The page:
There are countless ways that our bodily autonomy and sexual agency are removed. This list could be as long as the day.

And one core value of feminism and other anti-oppression movements is that all people are the authorities of our own bodies – and no one else has the right to that authority.

However, medical providers, as official “authorities of the body” often take that authority over the body, often bypassing a patient’s individual right to consent to what happens to us in the name of medicine, or to make choices that might be in conflict with what the medical provider wants us to do.

And many people with vaginas are disenfranchised from the gynecological care that we need, which puts us at risk for health issues and compromising early detection of cervical changes and cancers when we avoid going. As such, gynecology is a microcosm of the bigger ways that our vaginas and our bodies are treated.

Most patients have had some kind of negative experience with the gynecologist. Most people who need pelvic exams dread them and often describe the experience as painful and traumatizing – or at best, just a necessary evil we have to deal with.

And one of the main reasons pelvic exams are such horrible experiences is because oftentimes, health care providers never learned how to perform the exam in an empowering and physically comfortable way. In fact, they routinely learn the procedure in unethical ways that are incredibly disempowering and harmful to patients.

And yet, this is something that is very rarely talked about – even within feminism.

To understand why we end up getting the care we get and why the quality of gynecological care is often compromised, it’s important to look at the origins of gynecology and how students learn to do their exams.

The doctor who has been widely considered to be the “Father of Gynecology,” Dr. Marion Sims, developed his groundbreaking procedures and instruments by experimenting on black women that he had enslaved, often waking them in the middle of the night to try out a new procedure – without anesthesia, even though anesthesia existed at the time, his colleagues holding them down while they screamed in pain.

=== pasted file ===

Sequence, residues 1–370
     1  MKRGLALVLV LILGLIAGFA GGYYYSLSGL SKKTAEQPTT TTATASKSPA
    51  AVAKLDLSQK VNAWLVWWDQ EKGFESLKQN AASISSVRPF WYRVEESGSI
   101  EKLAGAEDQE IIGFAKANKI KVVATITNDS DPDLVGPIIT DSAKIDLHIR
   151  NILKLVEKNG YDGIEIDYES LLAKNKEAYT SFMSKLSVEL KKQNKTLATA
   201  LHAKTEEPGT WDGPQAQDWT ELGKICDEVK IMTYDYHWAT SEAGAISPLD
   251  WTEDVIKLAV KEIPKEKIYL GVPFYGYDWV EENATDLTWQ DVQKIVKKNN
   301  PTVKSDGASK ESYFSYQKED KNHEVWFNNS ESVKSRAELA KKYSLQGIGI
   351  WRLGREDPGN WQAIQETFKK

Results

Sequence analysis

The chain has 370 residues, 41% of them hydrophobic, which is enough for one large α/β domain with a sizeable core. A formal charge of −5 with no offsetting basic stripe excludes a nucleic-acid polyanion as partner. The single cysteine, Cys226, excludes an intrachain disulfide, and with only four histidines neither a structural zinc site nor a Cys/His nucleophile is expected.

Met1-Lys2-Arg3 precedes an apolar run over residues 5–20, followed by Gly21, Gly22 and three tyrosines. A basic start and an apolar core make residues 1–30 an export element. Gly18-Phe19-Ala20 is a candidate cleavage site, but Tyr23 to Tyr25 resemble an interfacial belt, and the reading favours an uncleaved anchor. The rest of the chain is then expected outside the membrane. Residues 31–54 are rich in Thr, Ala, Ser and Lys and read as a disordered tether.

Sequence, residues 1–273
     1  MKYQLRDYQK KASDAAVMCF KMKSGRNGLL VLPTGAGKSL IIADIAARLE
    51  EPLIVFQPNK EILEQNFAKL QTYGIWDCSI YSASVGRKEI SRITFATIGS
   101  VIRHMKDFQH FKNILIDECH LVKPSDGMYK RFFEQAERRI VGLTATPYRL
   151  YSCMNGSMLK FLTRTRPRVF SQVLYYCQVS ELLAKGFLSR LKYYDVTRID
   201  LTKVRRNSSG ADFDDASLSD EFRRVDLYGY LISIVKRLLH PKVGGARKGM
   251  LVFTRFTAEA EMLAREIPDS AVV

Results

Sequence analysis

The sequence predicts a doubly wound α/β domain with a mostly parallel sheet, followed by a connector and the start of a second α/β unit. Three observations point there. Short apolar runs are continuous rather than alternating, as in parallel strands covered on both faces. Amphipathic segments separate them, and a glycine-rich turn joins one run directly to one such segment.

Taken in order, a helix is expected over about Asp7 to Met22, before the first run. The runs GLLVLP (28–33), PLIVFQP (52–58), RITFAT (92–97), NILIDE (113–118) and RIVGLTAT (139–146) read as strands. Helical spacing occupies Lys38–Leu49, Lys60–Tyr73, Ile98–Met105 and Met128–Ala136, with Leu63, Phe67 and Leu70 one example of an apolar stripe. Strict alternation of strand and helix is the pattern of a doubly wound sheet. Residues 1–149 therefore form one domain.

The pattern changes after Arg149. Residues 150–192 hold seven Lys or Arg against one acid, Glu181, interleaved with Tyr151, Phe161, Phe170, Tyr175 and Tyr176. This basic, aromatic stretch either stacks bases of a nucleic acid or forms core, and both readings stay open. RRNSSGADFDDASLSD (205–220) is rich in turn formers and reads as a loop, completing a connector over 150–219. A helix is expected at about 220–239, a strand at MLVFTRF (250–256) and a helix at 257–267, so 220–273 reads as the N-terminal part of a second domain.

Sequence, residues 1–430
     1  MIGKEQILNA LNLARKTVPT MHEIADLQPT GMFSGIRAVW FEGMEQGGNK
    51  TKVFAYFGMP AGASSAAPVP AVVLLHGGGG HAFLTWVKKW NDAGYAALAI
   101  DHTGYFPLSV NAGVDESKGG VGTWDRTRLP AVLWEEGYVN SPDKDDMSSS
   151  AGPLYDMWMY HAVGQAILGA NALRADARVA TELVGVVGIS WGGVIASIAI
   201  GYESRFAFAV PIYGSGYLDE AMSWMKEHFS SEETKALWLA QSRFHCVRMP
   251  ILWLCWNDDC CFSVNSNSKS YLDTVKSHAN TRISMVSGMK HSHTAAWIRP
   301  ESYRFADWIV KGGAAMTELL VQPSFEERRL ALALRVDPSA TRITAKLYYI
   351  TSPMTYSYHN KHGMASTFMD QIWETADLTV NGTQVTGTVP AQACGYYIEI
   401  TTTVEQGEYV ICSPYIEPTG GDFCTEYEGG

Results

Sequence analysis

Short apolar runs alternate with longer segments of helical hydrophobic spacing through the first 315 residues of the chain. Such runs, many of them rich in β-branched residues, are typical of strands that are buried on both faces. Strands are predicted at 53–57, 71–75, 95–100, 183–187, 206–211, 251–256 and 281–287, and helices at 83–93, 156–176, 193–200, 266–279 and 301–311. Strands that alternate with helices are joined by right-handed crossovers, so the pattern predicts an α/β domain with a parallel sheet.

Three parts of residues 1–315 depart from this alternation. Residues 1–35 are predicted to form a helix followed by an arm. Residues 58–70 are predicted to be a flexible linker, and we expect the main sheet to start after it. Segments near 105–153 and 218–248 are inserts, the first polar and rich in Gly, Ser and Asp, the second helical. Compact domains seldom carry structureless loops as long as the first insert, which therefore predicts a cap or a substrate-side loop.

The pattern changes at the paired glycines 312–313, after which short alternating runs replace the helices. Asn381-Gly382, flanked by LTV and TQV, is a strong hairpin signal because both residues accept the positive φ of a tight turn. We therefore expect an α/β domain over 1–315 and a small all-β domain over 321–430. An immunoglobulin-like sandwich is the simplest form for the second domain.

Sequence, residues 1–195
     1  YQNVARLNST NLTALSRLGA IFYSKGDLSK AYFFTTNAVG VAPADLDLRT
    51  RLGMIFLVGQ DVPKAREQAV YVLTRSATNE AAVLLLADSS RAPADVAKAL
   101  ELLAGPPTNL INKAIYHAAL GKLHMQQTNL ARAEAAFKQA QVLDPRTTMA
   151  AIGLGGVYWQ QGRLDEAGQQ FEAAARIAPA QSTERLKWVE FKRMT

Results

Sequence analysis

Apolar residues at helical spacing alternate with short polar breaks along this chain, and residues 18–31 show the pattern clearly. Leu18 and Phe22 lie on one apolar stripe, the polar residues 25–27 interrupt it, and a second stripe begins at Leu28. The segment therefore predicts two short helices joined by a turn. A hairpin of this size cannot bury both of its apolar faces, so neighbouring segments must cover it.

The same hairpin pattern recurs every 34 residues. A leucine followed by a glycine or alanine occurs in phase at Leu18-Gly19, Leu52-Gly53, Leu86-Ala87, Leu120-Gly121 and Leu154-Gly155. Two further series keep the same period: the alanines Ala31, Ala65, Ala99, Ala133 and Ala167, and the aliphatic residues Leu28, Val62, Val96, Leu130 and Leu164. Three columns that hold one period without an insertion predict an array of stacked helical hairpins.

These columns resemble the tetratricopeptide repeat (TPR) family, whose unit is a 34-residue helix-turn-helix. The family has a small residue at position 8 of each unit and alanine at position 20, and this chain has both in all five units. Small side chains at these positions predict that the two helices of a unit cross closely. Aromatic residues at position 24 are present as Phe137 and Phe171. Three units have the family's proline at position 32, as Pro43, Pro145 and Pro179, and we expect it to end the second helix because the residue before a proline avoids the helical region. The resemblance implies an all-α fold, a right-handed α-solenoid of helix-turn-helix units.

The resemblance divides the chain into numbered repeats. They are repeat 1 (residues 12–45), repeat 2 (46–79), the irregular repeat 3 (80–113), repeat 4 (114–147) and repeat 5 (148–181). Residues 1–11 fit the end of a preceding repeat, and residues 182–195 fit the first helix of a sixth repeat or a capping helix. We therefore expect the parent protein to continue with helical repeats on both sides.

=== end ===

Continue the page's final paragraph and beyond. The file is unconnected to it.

He caused these women great pain and suffering. The three whose lives and sacrifices are well-documented were Lucy, Anarcha, and Betsey.

And this is nothing new. There are countless examples of people of color who have been routinely sterilized without consent in order to control their reproduction. Indeed, even Planned Parenthood was founded by a eugenicist who wanted to control the reproduction of poor women of color.

In the Tuskegee experiment, black military airmen were consciously infected with syphilis in order to find out what happens when we don’t treat it – a very dark moment in our medical history.

The list of reproductive wrongs that have been cast on people of color and those without political power and resources is long. Sadly, mainstream feminism has colluded in these wrongs by failing to bring them to the fore, erasing the particular ways that people, and especially women, of color are vulnerable to medical assault and experimentation from the platforms of feminist movements.

No wonder so many women feel so disenfranchised.

And yet, this is not just an issue of the past – it seriously impacts us right now. To this day, there are some detrimental practices employed in order to teach students how to do pelvic exams – practices that deny patient autonomy, choice, and consent. Here are three.